- Original research article
- Open Access
Survival outcomes of patients with advanced oral cavity squamous cell carcinoma treated with multimodal therapy: a multi-institutional analysis
© Zhang et al.; licensee BioMed Central Ltd. 2013
- Received: 7 January 2013
- Accepted: 22 February 2013
- Published: 19 April 2013
The oral cavity is the most common site for head and neck squamous cell carcinoma. Treatment of advanced stage oral cavity squamous cell carcinoma (OCSCC) has classically involved surgical resection with postoperative adjuvant radiotherapy (S-RT).Despite this aggressive dual modality therapy, the disease outcomes have remained poor. The treatment options expanded in 2004 when two international trials showed the addition of postoperative chemotherapy to radiation improved outcomes. These trials were, however not oral cavity site specific.
To assess survival outcomes of advanced OCSCC treated by differing modalities. The primary goal was to determine if the addition of postoperative chemotherapy (S-CRT) improves survival compared to other treatment regimens.
Demographic, pathologic, treatment, and survival data was obtained from patients diagnosed with OCSCC from 1998–2010 in Alberta, Canada. 222 patients were included in the final analysis from 895 OCSCC patients. Actuarial overall, disease-specific, disease-free, and metastasis-free survivals were estimated with Kaplan-Meier and Cox regression analyses. Patients were grouped by treatment.
Patients receiving S-CRT had improved overall, disease-specific, disease-free, and metastasis-free survival compared to S-RT, CRT or RT(p < 0.05). Two and five year estimated overall survival was significantly higher in the S-CRT group at 77 and 58% (p < 0.05), versus S-RT with 55 and 40% rates(p < 0.05). Results were similar for disease-specific, disease-free, and metastasis free survival with S-CRT being favoured. Patients with extracapsular spread (ECS) treated with S-CRT versus S-RT had 55% survival advantage at 5 years (p < 0.05).
This study shows that adding adjuvant chemotherapy to S-RT improves survival outcomes in advanced OCSCC, especially in patients with ECS.
- Charlson Comorbidity Index
- Radiation Therapy Oncology Group
- Charlson Comorbidity Index Score
- Oral Cavity Squamous Cell Carcinoma
- Adverse Feature
The oral cavity is the most common site for head and neck squamous cell carcinoma. Over 3,000 new cases will be diagnosed in Canada in 2012  with nearly half of these patients presenting with stage III/IV or advanced stage disease. Treatment of advanced stage oral cavity squamous cell carcinoma (OCSCC) has classically involved surgical resection with postoperative adjuvant radiotherapy (S-RT) . Despite this aggressive dual modality therapy, the disease outcomes have remained constant at 30% local or regional disease recurrence, 25% distal metastases, and a 40% five-year survival.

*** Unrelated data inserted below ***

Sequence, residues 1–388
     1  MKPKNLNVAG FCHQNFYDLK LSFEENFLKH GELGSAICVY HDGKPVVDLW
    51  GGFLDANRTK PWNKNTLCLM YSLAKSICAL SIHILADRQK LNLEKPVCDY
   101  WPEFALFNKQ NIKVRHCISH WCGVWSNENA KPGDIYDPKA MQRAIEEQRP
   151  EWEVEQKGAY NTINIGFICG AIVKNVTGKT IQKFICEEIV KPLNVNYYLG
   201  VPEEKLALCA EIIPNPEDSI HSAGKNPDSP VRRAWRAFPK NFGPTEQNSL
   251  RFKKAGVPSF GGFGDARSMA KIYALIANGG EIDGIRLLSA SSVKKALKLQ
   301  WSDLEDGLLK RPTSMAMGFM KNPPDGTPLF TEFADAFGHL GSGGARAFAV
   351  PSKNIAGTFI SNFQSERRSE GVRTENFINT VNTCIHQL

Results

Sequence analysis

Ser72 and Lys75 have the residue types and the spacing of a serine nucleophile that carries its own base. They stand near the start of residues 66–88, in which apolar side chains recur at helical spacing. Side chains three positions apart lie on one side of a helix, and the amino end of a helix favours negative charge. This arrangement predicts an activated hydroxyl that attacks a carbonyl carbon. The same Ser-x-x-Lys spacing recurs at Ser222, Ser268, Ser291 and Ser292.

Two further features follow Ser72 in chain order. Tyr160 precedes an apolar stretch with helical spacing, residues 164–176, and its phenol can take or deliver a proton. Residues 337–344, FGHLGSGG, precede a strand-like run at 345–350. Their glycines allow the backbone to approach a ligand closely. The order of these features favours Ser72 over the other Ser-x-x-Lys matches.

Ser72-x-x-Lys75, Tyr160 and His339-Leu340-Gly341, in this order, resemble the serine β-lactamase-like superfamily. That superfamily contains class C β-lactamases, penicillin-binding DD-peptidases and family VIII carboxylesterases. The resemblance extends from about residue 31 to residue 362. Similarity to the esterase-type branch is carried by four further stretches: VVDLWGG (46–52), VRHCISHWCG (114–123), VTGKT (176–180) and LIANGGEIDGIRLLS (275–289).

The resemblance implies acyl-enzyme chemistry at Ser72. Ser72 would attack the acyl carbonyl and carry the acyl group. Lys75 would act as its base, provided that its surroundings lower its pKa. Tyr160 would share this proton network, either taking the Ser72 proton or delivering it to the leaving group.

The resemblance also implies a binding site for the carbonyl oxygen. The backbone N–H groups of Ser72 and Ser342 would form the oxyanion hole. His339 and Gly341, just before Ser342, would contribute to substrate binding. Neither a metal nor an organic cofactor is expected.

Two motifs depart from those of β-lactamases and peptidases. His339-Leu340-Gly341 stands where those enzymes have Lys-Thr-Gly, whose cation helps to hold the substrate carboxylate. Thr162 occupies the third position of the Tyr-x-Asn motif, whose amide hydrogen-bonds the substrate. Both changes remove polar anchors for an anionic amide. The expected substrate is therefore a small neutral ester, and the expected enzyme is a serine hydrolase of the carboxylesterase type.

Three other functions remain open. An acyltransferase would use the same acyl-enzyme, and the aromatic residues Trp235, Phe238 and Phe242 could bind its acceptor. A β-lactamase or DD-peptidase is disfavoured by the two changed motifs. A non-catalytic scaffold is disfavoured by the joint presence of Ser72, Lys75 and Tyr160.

The treatment options expanded in 2004 when level I evidence was established with the findings of the Radiation Therapy Oncology Group (RTOG) 9501 and European Organization for Research and Treatment of Cancer (EORTC) 22931 trials [3, 4]. These two large-scale, independent, but similar, trials conducted in the U.S. and Europe demonstrated that compared to postoperative radiotherapy (RT) alone, adjuvant concurrent chemo-radiotherapy (CRT) for advanced stage OCSCC was more efficacious in local and regional control as well as disease-free survival [5–9]. Based in part on these landmark trials, many centers today have adopted triple modality therapy consisting of surgery and adjuvant concurrent chemotherapy and RT (S-CRT) for advanced stage OCSCC.
The basis of adding concurrent chemotherapy to adjuvant RT is that advanced tumors respond better to concurrent CRT rather than to RT alone [10–14]. While the two trials mentioned above provided strong evidence on the efficacy of S-CRT, they were not oral cavity site specific. The objective of this study was to assess survival outcomes of advanced OCSCC treated by differing modalities. The primary goal was to determine if S-CRT improves survival over all other treatment regimens. The secondary goals was to determine if any subgroups of advanced OCSCC patients with adverse features would receive increased benefit from the addition of chemotherapy to S-RT.
Ethics approval for the study was granted by the University of Alberta’s Health Research Ethics Board (HREB) and the Alberta Cancer Board. The study was performed at tertiary care academic cancer centres: the Cross Cancer Institute in Edmonton, Alberta, and the Tom Baker Cancer Centre in Calgary, Alberta.
Treatment in Alberta with curative intent
Previous oral cavity cancer with or without treatment.
Refusal of prescribed treatment
Treatment with palliative intent
Patients with tumors down-staged to Stage I or II from Stage III or IV on pathology
Incomplete data sets from chart review
Cancer surveillance data was retrieved by a clinical data analyst from Alberta Health Services. Data for all patients diagnosed with OCSCC in Alberta between January 1, 1998 and January 1, 2010 were obtained from the Alberta Cancer Registry (ACR). The ACR, established in 1942, is a population-based registry that records and maintains data of all new cancer cases, their treatments, and resulting deaths occurring in the province. The ACR is operated by Alberta Health Services Cancer Care and follows patients longitudinally and prospectively .